Ending Online Violence Against Women in Politics
Ending Online Violence Against Women in Politics

NDI believes all people have the right to live in a world that respects their dignity, security, and political rights—and the digital world is no exception. A critical investment to advance democracy is to create an internet that enables all people to be politically engaged. This is why, for years, NDI has worked to address the gendered attacks, including disinformation, faced by 50 percent of the world’s population when attempting to engage online. 

Online violence against women in politics poses a deepening challenge to democracy, serving as a key tool of illiberalism and democratic backsliding across the globe. Violence against women in politics encompasses all forms of aggression, coercion and intimidation seeking to exclude women from politics simply because they are women. Gendered disinformation is a form of violence that refers to activities that attack or undermine people on the basis of gender, or weaponizes gendered narratives to promote political, social or economic objectives. This online behaviour seeks to achieve political outcomes: targeting individual women to harm them or drive them out of public life, while also sending a message that women in general should not be involved in politics.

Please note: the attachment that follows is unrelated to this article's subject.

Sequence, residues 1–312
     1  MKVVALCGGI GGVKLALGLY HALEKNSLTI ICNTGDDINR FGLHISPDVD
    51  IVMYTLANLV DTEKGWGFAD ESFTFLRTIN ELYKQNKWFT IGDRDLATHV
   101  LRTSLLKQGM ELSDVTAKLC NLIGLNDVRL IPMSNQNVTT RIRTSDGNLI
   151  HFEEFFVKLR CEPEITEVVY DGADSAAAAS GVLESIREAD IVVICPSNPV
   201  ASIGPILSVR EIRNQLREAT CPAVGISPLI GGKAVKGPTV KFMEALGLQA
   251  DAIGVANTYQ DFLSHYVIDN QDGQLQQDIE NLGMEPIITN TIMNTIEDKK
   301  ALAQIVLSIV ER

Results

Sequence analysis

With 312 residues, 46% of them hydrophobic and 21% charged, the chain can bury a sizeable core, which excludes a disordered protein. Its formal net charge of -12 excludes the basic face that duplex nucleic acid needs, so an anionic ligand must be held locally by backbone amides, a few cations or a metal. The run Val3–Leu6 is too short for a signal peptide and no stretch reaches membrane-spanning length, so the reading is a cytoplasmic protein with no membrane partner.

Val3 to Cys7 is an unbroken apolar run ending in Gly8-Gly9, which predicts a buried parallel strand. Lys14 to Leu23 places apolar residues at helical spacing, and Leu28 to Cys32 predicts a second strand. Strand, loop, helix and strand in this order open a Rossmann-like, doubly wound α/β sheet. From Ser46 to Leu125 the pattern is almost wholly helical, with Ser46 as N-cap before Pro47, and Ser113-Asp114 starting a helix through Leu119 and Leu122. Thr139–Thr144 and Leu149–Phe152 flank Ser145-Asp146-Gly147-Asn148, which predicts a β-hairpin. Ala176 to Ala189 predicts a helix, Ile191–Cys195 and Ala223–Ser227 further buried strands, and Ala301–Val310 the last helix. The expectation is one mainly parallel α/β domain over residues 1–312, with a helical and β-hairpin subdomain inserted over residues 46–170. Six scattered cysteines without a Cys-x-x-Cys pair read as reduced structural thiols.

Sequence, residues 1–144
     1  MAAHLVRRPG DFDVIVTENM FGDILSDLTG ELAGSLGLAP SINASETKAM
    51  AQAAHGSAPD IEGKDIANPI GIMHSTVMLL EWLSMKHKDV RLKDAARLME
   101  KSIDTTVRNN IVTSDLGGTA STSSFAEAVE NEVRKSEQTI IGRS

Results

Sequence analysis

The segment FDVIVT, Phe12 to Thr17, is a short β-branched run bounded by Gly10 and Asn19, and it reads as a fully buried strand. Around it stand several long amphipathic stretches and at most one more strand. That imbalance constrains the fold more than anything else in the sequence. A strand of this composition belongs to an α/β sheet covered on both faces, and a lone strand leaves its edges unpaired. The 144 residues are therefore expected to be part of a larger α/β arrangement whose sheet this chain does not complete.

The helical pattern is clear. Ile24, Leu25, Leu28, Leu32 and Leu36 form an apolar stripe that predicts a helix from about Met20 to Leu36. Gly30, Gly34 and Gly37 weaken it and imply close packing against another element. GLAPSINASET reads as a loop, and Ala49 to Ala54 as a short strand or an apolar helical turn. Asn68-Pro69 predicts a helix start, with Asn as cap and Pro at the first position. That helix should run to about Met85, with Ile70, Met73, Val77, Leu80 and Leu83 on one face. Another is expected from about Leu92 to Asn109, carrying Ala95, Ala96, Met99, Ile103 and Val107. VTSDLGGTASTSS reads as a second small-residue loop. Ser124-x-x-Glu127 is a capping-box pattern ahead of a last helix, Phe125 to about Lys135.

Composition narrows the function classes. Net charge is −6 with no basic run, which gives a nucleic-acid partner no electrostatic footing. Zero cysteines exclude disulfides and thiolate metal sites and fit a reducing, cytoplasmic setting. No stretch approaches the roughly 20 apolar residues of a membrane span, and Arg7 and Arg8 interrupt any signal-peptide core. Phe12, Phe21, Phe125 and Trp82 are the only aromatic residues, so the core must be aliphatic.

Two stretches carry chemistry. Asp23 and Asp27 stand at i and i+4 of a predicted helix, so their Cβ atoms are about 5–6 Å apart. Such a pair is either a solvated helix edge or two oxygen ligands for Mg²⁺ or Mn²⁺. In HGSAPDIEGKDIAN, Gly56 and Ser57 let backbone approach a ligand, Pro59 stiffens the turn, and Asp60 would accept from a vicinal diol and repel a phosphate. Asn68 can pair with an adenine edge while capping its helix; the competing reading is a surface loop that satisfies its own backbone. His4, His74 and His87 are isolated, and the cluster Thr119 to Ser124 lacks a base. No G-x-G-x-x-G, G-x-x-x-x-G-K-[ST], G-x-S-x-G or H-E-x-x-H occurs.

To raise awareness of this issue, NDI launched the #NotTheCost campaign as a global call to action in 2016, and a renewed call in 2021. The campaign’s title reflects the fact that many women are told that harassment, threats, psychological abuse (in person and online), physical and sexual assault are “the cost of doing politics.” Since the campaign’s launch, NDI has been working to challenge this claim by raising awareness of the violence that politically-active women face, collecting data on it, and building capacity among partners to mitigate its impact and hold perpetrators to account.